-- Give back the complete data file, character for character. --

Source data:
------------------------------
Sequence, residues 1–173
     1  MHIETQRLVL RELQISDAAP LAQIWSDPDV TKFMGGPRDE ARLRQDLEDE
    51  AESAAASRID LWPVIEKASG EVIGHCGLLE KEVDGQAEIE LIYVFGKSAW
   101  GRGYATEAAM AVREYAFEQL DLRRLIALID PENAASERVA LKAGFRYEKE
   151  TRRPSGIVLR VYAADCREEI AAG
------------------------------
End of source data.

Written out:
Sequence, residues 1–173
     1  MHIETQRLVL RELQISDAAP LAQIWSDPDV TKFMGGPRDE ARLRQDLEDE
    51  AESAAASRID LWPVIEKASG EVIGHCGLLE KEVDGQAEIE LIYVFGKSAW
   101  GRGYATEAAM AVREYAFEQL DLRRLIALID PENAASERVA LKAGFRYEKE
   151  TRRPSGIVLR VYAADCREEI AAG